In 1497, Portugal began the forced conversion of its Jewish population, which included large numbers of Jews who had fled there after their expulsion from Spain five years earlier. Thousands of Jews were massacred or deported and many more converted, leading to the establishment of the Portuguese Inquisition, which sought to stamp out real or imagined cases of the secret practice of Judaism among converts and their descendants. Under these circumstances, the survival of the Abravanel Bible in the library of the University of Coimbra—an institution founded in central Portugal in 1290—is quite remarkable. Cnaan Liphshiz writes:
[T]he handwritten Bible from the 15th century is perfectly preserved. The book is filled with drawings on parchment that are so vibrant they seem to have been recently created. The Abravanels—a distinguished, wealthy family with branches in Spain and Portugal that fled to Amsterdam and the Balkans during the Inquisition—commissioned twenty such Bibles. The volume in Coimbra is among the best preserved of the handful whose whereabouts are known today. . . .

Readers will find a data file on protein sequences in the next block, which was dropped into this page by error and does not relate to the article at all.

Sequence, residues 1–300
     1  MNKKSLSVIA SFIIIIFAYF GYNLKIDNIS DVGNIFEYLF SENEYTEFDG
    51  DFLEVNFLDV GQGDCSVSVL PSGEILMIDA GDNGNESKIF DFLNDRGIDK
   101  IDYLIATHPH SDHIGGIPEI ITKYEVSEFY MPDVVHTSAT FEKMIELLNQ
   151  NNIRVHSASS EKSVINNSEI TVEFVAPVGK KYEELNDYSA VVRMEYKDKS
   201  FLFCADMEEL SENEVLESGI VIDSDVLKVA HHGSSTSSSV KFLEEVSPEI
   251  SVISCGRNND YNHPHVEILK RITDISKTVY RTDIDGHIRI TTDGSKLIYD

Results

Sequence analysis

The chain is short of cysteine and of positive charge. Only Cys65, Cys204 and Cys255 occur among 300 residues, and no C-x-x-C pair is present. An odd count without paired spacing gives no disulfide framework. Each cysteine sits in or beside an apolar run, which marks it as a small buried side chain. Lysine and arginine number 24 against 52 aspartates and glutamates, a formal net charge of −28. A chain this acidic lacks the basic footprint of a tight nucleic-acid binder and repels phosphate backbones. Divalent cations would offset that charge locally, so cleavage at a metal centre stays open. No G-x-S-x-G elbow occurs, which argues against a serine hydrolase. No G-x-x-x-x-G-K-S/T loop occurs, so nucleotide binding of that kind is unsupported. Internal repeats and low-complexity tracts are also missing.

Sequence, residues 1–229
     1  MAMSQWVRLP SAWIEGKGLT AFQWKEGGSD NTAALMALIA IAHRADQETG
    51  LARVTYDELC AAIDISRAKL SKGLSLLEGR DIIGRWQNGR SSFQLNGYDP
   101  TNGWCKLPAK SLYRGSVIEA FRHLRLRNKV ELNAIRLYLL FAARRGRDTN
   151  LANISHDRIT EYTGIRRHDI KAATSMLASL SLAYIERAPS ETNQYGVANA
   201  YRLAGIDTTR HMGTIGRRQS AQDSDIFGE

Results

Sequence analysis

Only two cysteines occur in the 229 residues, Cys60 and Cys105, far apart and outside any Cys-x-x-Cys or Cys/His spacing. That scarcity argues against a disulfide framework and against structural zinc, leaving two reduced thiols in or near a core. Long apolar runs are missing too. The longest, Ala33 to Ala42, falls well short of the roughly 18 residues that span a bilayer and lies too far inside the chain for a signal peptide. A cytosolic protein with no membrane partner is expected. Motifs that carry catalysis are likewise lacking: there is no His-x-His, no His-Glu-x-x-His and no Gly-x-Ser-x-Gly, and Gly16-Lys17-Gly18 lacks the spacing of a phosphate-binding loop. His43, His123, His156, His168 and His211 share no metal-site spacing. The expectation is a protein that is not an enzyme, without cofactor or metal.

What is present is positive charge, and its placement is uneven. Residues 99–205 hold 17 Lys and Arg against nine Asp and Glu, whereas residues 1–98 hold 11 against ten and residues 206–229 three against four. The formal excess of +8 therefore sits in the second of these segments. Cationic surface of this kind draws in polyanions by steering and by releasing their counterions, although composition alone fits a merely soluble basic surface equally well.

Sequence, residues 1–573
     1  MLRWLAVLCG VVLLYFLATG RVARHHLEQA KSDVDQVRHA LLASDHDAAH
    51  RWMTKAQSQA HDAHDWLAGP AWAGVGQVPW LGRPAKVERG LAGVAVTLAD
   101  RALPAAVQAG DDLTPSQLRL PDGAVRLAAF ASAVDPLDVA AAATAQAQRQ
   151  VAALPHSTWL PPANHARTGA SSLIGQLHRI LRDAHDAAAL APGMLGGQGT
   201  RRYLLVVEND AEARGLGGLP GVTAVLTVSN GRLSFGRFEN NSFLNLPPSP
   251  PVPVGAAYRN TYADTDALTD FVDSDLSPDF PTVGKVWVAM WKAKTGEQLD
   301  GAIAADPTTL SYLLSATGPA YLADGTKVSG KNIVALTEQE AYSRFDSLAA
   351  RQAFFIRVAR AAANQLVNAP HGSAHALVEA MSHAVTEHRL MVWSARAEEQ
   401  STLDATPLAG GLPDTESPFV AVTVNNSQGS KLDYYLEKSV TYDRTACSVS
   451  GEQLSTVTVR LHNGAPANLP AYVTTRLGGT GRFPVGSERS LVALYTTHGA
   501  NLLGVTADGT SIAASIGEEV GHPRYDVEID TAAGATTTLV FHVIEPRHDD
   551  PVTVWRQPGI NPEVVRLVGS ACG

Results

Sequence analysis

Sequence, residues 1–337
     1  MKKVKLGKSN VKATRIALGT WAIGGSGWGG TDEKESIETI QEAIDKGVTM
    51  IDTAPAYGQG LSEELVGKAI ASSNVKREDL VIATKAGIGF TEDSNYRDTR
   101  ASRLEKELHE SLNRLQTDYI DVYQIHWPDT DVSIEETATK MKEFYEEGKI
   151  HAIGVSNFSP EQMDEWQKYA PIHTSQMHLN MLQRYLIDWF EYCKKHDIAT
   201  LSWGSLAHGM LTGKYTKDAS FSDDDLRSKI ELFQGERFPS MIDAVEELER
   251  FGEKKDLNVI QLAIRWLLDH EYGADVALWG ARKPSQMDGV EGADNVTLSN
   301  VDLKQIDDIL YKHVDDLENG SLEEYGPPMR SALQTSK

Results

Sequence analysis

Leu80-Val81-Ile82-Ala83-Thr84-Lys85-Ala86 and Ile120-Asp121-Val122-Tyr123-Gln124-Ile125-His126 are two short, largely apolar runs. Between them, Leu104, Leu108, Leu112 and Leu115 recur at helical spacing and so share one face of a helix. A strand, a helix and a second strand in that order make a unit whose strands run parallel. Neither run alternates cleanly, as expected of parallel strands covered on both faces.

The University of Coimbra has little information on how exactly it came to possess the Abravanel Hebrew Bible, possibly because it was hidden or scrubbed from the library’s indices to hide it from Inquisition agents. . . .
Thanks to the university’s undocumented policy of subterfuge against the Inquisition—its librarians essentially hid many books that censors would likely have wanted to destroy, reintroducing them to the indices only after the Inquisition was abolished in 1821—Coimbra was in possession of a collection of rare, pristine Jewish manuscripts found nowhere else.